Cop Who Told Woman In Library To Remove Hijab: I Thought It Was A Hoodie

Timothy Craggette says he's sorry. An eyewitness says there's no way he mistook the hijab for a hoodie.

The police officer who sparked public outrage this week for threatening to arrest a woman at a Washington D.C. library after she refused to remove her hijab says he mistook the head covering for a hoodie and wants to apologize.

"It appeared to be a hoodie," D.C. Public Library Officer Timothy Craggette told The Huffington Post of the confrontation at the Watha T. Daniel/Shaw Neighborhood Library on Wednesday.

"It was not a religious hat that I know. She didn't have that," Craggette said. "I asked her to take her hoodie off and told her: 'If you're not going to take it off, you have to leave.' So I pulled out my handcuffs and then she got up and she left."

Craggette, explaining that he knows a hijab when he sees one, said he has Muslim neighbors.

"Most people will tell you they're Muslim and say, 'I can't remove my hat'" he said. "She didn't claim that."

He also said it's normal for police in libraries to ask people to remove hoodies "so we know who the people are."

But D.C. Public Library spokesman George Williams told HuffPost there's no policy or guideline that says so. "The library does not have a policy preventing wearing hoodies in the library," he said.

“No one should have to feel like she felt."”

- Washington D.C. Public Library spokesman George Williams.

An eyewitness to the encounter between Craggette and the woman says there's no way Craggette could've mistaken the hijab for a hoodie.

"It was very clear that she was wearing hijab," said Jessica Raven, who described the scene at the library as "horrifying and heartbreaking," and a "blatant act of discrimination."

"I was within a foot of the woman who was harassed," Raven, who is the interim executive director of the grassroots anti-sexual harassment group Collective Action for Safe Spaces, told DCist immediately after the incident.

"All I heard was he started asking her to take off her hijab. My jaw dropped," she said. "The man next to her spoke up, but the officer continued to harass her. Ultimately, he came towards her in an intimidating way, pulled out his handcuffs and said if she didn't want to take off [the hijab], she had to leave."

The woman "stormed out," Raven told HuffPost.

"I talked to her afterwards, and I basically told her she did nothing wrong," she said. "You could tell she was blaming herself. She didn't want to report it. She handled it as well as she possibly could have. Hopefully this could be a symbol that Muslim women harassed by the police are supported."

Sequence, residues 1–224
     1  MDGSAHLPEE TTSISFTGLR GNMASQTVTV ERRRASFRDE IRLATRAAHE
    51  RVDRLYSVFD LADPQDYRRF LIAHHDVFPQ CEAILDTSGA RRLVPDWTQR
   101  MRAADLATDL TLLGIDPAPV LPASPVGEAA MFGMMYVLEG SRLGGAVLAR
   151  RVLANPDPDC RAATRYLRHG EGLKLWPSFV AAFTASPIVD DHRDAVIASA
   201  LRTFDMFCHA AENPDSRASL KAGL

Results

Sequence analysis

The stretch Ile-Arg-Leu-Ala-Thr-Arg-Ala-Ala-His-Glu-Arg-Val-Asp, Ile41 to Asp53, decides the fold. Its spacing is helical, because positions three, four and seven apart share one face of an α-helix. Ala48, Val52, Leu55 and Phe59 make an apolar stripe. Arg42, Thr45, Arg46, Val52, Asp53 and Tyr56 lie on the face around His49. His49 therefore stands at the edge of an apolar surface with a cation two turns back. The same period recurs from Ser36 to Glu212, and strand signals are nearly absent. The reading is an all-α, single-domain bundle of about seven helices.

Another witness, Eric Robinson, told WJLA that he was "enormously angry about it" and reported the incident to library management.

Williams, the library spokesman, said that Craggette has been removed from the library pending an investigation. He faces a host of possible punishments, including termination.

What happened, Williams added, "goes against one of the primary principles that library exists to serve: We welcome everyone to come into a library. This particular customer not being welcome is something we take very seriously."

The spokesman said he hopes the woman whom Craggette told to leave will come forward so that the library can formally apologize to her.

"No one should have to feel like she felt," Williams said. The woman has yet to identify herself.

Anti-Muslim hate crimes and rhetoric have recently been surging across the country. On Tuesday, after the deadly ISIS terror attacks in Brussels, Republican presidential candidate Ted Cruz called for "Muslim neighborhoods to be patrolled and secured." Republican front-runner Donald Trump reiterated his call to ban Muslims from entering the U.S.

Craggette told HuffPost he's sorry about the incident at the library.

"I would apologize to her if she was Muslim," he said. "She never identified herself as Muslim. I'm sorry for the library and I'm sorry for her. I hope something positive comes out of this."

Something might.

Williams said the library was contacted this week by the Council on American-Islamic Relations, a Muslim civil rights group. He said CAIR, which praised the library's response to the incident, is interested in developing a "programmatic element" with the library, to "make this a learning opportunity and to promote respect for different people's cultures."

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